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Paddling Articles In the Same Boat

Getting Around

Whispering Death—
Strainers, Sweepers, and You

By Tamia Nelson
tamia@paddling.net

You can never know, till you try it, what a dead pull a river makes against a man. Death himself had me by the heels, for this was his last ambuscade, and he must now join personally in the fray.

Robert Louis Stevenson, An Inland Voyage

April 16, 2002

Whitewater! It's that time of year—at least in northern North America. Even in near-drought areas, the winter snowpack's melting, and the ice is off the water. The rivers are running fast, and paddlers' pulses are keeping step. It's a good time to be in a boat, on a river. It's a good time to be alive.

Alive. Get it? Spring whitewater is cold and fast. And it can kill as well as thrill. Even tiny streams hold whispering death.

What's "whispering death"? It's my name for one of the deadliest killers on the water: the strainer. And what's a strainer? Anything with holes big enough to let water through, but still small enough to stop a boat—or a body. There are a lot of them around: culverts, downed trees, undercut ledges, fences, even abandoned cars.

Why are strainers deadly? Have you ever watched a fly that's been caught in the blast of air from a fan and then thrown against a screen? The blast slips right through the metal mesh, but the fly is pinned down by the force. It struggles and buzzes until you shut off the fan. Or until it dies.

The same thing can happen to a paddler caught in a strainer. The water slips through easily. The paddler doesn't. She struggles, of course, but unless she can haul herself up and out of the water, or unless she's rescued by someone else, she stays pinned like that fly on the screen. Nobody's going to shut off the water, after all. And what if her head happens to be under the surface when she's pinned? Then her life expectancy is measured by the length of time she can hold her breath.

Ledges and abandoned cars notwithstanding, the commonest strainer on most rivers is the fallen tree. It's a familiar story. Spring floodwaters eat away at the riverbanks on the outside of each bend, where the current is fastest. Sooner or later, the undercut banks collapse, often bringing one or more trees down at the same time. Sometimes the trees keep their connection to the bank, hanging down over the water. (Then they're called sweepers.) Sometimes the whole tree is submerged and wedged fast where it fell. Either way, the end result is a thicket of branches. The river sweeps right through. But you won't, will you?

Birth of a Sweeper

Where does "whispering death" come into the picture? The next time you're on a river—or walking on the bank—keep your eyes open. When you spot a downed tree in the water, stop and listen. (CAUTION If you're paddling, approach strainers from downstream only! Never float down on a strainer from upstream. And if you're walking along the bank, be sure that it's not about to give way, tumbling you in.)

Listen! Hear the water's sibilant shush, shush, shushing through the branches? That's the siren song of whispering death.

Chances are good that you won't have to look very far to find a strainer. They're not rare. You can see them almost anywhere: big rivers, small streams, even along the margins of reservoirs with fast-moving deep currents. And while spring floodwaters are the most dangerous times, strainers can be killers at any season of the year. Farwell once rescued a woman who got into trouble in early summer, on a placid reach of a tiny trout stream. The current probably wasn't moving along at more than one-half-mile an hour, but that was enough. The water was still cold. The woman was weak. And she was stuck in the branches of a downed sycamore like a fly on a screen. Happily, she survived. She was lucky.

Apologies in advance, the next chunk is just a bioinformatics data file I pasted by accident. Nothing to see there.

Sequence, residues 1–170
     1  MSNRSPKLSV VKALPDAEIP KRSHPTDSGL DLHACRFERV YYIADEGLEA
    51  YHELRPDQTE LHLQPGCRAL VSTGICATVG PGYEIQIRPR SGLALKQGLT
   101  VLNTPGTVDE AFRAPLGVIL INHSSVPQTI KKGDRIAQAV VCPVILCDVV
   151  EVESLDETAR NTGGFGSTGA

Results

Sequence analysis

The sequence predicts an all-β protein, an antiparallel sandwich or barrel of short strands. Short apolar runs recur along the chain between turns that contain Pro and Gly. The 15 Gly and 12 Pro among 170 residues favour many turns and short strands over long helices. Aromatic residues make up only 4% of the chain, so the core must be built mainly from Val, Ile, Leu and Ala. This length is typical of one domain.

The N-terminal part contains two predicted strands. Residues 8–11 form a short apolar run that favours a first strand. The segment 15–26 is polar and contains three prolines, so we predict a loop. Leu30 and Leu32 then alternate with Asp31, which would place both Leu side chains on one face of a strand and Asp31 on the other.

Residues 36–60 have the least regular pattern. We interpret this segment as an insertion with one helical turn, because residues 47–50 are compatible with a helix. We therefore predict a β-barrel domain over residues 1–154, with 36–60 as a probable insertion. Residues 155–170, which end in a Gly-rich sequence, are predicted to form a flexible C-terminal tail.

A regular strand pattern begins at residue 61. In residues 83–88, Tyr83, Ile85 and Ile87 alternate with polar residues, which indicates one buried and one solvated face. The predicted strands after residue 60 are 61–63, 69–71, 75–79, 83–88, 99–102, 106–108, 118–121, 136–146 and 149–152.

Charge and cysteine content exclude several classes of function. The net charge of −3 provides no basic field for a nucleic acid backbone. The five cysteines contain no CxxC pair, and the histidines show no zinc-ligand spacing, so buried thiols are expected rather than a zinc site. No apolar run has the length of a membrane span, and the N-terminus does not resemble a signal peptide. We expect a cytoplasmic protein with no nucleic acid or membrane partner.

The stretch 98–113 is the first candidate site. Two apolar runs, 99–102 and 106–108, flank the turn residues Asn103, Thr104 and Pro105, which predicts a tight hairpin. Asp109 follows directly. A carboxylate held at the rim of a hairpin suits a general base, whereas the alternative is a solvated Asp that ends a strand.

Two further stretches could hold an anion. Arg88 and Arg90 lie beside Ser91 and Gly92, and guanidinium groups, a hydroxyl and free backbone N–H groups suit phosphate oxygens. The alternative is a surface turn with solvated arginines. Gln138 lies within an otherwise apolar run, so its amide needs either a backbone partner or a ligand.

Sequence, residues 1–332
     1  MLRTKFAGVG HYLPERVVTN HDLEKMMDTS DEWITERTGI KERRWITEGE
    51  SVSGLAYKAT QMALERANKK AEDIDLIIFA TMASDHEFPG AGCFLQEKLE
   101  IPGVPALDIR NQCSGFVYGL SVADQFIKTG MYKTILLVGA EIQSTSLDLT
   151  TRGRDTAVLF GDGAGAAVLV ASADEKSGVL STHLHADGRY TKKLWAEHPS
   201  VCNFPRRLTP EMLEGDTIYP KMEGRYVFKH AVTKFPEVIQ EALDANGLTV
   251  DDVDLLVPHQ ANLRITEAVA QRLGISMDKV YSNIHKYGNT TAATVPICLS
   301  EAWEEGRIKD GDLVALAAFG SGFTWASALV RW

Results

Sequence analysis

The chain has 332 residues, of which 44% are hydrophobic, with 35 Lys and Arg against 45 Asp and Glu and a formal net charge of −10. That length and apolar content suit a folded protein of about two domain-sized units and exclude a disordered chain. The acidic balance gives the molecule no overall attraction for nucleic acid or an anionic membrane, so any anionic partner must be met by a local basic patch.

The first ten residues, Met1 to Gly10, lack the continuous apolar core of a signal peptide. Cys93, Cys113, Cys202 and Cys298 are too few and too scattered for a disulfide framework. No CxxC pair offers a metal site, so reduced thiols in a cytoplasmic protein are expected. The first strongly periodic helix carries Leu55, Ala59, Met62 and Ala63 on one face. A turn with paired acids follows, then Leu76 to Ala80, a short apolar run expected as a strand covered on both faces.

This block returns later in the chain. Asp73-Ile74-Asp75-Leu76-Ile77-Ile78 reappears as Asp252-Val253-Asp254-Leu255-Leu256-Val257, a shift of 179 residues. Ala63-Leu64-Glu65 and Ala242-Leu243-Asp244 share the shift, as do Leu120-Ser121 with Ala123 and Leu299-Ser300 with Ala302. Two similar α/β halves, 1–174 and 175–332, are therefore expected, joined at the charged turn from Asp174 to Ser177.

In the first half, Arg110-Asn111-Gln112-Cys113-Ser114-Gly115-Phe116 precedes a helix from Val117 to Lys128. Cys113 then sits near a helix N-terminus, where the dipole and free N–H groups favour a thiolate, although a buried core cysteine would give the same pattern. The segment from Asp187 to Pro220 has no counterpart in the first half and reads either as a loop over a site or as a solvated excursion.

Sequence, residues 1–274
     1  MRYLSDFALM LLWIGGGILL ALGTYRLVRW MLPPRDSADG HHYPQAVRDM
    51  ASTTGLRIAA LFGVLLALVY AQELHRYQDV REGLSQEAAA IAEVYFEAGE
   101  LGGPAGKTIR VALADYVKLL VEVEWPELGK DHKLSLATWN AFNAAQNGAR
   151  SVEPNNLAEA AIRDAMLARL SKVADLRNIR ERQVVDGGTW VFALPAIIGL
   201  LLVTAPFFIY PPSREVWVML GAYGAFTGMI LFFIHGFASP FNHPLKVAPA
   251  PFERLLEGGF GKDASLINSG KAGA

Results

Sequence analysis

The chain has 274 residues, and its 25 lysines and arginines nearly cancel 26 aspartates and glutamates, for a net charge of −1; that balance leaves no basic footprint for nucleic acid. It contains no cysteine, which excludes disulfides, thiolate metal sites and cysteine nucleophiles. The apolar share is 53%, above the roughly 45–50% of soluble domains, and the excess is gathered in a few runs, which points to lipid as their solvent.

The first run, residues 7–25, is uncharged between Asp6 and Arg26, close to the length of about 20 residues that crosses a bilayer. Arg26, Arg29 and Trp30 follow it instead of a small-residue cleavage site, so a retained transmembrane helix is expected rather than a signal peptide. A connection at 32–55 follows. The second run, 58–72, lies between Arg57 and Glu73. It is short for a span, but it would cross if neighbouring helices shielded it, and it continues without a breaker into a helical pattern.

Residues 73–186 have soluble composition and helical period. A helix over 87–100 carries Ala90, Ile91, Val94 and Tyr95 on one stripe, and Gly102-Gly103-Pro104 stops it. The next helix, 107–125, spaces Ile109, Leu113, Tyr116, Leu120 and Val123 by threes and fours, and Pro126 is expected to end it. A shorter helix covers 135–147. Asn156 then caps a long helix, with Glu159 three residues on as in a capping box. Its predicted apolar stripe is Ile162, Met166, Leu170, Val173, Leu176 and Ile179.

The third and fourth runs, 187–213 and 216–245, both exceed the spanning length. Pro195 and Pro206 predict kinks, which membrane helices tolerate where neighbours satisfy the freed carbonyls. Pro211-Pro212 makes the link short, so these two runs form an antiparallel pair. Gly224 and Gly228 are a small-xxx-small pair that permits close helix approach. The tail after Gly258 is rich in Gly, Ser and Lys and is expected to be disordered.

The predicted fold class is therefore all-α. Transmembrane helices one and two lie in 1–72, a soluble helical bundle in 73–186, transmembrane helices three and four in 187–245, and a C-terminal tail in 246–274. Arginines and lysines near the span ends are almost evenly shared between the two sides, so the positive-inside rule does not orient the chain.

Not all downed trees are dangerous to paddlers, of course. On the margins of lakes they're part of the scenery, and good habitat into the bargain. Lunkers often lurk among the tangled branches of lakeside sweepers.

Still, any combination of fast (or even not-so-fast) water and downed trees can be deadly. This isn't a new discovery. The nineteenth-century English writer Robert Louis Stevenson (Treasure Island, Dr. Jekyll and Mr. Hyde) was a keen kayaker. But a sweeper nearly put an end to his career before it had properly begun. Here's the story, just as he told it in his first book, An Inland Voyage:

I was aware of another fallen tree within a stonecast. I had my back-board down in a trice, and aimed for a place where the trunk seemed high enough above the water, and the branches not too thick to let me slip below…. The tree caught me about the chest, and while I was yet struggling to make less of myself and get through, the river took the matter out of my hands and bereaved me of my boat. The Arethusa swung round broadside on, leaned over, ejected so much of me as still remained on board, and, thus disencumbered, whipped under the tree, righted, and went merrily away down stream.

I do not know how long it was before I scrambled on to the tree to which I was left clinging, but it was longer than I cared about…. The stream ran away with my heels as fast as I could pull up my shoulders, and I seemed, by the weight, to have all the water of the [River] Oise in my trousers' pockets. You can never know, till you try it, what a dead pull a river makes against a man. Death himself had me by the heels…. And still I held to my paddle. At last I dragged myself onto my stomach on the trunk, and lay there a breathless sop, with a mingled sense of humor and injustice…. On my tomb, if ever I have one, I mean to get these words inscribed: He clung to his paddle.

Stevenson may have hung onto his paddle, but he did one Very Bad Thing: he tried to slip through the branches of a sweeper. He didn't make the same mistake again. Neither should you.